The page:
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Researchers study equine skin disease
MISSISSIPPI STATE -- A team of Mississippi State University veterinary researchers hopes to find the genetic defect responsible for a devastating skin disease in American quarter horses.
Though success is likely several breeding seasons down the road, Dr. Cyprianna Swiderski, an assistant professor studying hyperelastosis cutis, said the overriding goal of the research in MSU's College of Veterinary Medicine is to learn to manage this disease in the same way that has been done with human genetic diseases. Hyperelastosis cutis causes quarter horses' skin to weaken, wound easily and heal poorly with disfiguring scars.
"At this point, we know the disease is inherited. Our primary objective is to identify the defective gene or genes and develop a test that will identify carrier and affected animals," Swiderski said. "This will allow us to genetically manage the population and dilute the defect to the point that the disease is no longer such a widespread problem, while maintaining the desirable genetic traits of these tremendous athletes."
Because horses are expensive to maintain in research herds, Swiderski said these goals will only be realized with the financial support of quarter horse owners.
HC is believed to be a genetic connective tissue defect that causes a horse's skin to be unusually loose. Although the disease is generally present at or shortly after birth, owners frequently do not notice problems until the horse goes into training, typically around age 2.
Trauma from the saddle imprint can cause open sores, hematomas and significant pain.
Dr. Ann Rashmir-Raven, an associate professor in MSU's veterinary college, said her research shows that years of breeding closely related American quarter horses to obtain desirable traits actually caused this devastating skin disease in the breed.
"All of the horses diagnosed with HC are related," Rashmir said. "As is common in breeding programs, closely related horses were bred in the hopes of producing better-performing horses. Because of the popularity of sires that are or were carriers and the use of assisted reproductive technologies, it is likely that the HC gene is present in thousands of horses."
Like many other owners of HC-affected horses, Cindy Lyles of Haslet, Texas, was devastated to discover her twin colts suffered from the disease. At first she noticed the colts frequently developed unexplained skin injuries, and she spent months trying to solve the problem.
"We kept thinking they were just rambunctious -- rearing up on each other and biting, getting nicks and cuts," she said. "We tried separating them in different pastures so they couldn't hurt each other. Then one got hurt on his lower leg, and that didn't heal for a couple months and was really nasty."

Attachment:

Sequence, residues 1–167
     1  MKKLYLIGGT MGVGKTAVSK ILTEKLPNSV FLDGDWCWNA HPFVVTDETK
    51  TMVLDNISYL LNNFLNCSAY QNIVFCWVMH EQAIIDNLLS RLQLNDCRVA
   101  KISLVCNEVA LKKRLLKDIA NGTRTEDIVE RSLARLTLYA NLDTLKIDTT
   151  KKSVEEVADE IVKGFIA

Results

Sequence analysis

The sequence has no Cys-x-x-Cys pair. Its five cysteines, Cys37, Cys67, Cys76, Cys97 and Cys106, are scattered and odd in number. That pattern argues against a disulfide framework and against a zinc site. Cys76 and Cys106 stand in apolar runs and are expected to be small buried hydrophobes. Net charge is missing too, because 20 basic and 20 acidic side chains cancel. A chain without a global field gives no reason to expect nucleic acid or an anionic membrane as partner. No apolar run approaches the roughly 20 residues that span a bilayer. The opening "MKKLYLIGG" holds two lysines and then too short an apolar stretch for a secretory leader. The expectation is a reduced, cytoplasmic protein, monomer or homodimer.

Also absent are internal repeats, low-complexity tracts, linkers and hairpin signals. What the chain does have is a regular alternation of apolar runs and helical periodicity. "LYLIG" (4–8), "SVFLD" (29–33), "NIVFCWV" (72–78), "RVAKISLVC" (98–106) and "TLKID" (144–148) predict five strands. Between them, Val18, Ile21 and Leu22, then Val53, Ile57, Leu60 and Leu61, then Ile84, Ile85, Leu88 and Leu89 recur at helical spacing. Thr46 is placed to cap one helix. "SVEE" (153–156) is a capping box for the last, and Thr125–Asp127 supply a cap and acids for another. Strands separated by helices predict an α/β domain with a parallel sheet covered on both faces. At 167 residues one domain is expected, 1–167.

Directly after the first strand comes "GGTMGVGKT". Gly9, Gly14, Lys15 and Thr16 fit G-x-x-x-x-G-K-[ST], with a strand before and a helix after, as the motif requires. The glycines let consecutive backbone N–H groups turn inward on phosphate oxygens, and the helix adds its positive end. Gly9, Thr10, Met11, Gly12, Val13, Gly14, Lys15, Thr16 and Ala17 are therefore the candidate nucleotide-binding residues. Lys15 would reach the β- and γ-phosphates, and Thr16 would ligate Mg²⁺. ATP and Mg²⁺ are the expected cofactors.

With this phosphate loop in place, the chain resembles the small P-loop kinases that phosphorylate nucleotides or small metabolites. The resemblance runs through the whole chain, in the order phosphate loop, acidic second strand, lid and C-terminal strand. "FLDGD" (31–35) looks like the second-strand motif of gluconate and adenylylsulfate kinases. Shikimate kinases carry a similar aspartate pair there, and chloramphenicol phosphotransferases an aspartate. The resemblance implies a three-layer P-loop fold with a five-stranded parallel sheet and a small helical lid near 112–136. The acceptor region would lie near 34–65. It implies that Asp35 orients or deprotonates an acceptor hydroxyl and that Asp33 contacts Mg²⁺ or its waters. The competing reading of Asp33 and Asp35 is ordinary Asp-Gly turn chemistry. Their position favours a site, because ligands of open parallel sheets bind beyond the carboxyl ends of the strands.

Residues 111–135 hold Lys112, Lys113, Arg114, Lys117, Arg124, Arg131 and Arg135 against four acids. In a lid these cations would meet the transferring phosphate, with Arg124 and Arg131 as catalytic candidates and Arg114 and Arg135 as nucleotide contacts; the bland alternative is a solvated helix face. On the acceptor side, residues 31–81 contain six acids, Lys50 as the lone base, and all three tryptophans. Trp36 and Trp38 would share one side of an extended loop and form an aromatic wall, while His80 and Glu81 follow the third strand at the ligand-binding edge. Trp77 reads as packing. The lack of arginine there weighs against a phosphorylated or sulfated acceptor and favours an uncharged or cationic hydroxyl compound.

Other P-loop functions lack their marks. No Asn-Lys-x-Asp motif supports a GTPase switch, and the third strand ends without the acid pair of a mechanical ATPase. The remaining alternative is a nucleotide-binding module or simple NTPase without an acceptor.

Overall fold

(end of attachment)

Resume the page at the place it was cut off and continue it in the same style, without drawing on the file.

Lyles' veterinarian suspected HC was responsible for the colts' injuries and sent a skin biopsy to Rashmir. In April, Cindy and her husband Keith donated both of the colts to Rashmir's research project. The grief they have suffered makes the Lyles reluctant to breed their mare again.
"This has been like losing one of our kids to a terminal illness. I'm not a big breeder -- these colts were in my backyard," Lyles said. "I'm not going to breed anymore until there's a DNA test that can assure me I'm not breeding to a carrier."
Rashmir and Swiderski are studying a group of hyperelastosis cutis-affected horses housed at the CVM. Along with two veterinary students, Ben Nabors and Ryan Butler, they are evaluating numerous aspects of this disease.
"We have a breeding trial under way that is confirming that HC has an autosomal recessive mode of inheritance, which means that both parent horses must carry the recessive gene for the offspring to be afflicted," Rashmir said. "A horse that is an HC gene carrier is never affected with the disease -- it is clinically normal and shows no signs of the disease. However, when two carriers are mated, there is a 25 percent chance the offspring will have HC."
Rashmir said the research project is evaluating foals for early signs of HC. That process involves documenting changes in skin biochemistry, thermography and ultrasonography, in addition to other forms of screening.
"No one has ever documented what happens in affected horses," she said.
There is no cure for this genetic disease, so the focus now is on educating owners of
quarter horses. The researchers say it is imperative that owners consider this disease when breeding related animals.
"It's not the horses' fault -- it's the way we have bred them," Rashmir said. "Many of these horses have been, and are, wonderful athletes and though they are carriers, have no outward signs of the disease. Only through responsible mating will we control this disease."
MSU's veterinary college is facilitating that process by offering pedigree screenings. Horse owners can send pedigrees involving potential matings to Rashmir and she will analyze them and determine the degree of probability of the offspring inheriting either the gene or the disease itself. A $25 fee per eight-generation pedigree goes directly to the HC Research Fund at MSU.
Contact: Dr. Ann Rashmir-Raven, (662) 325-1413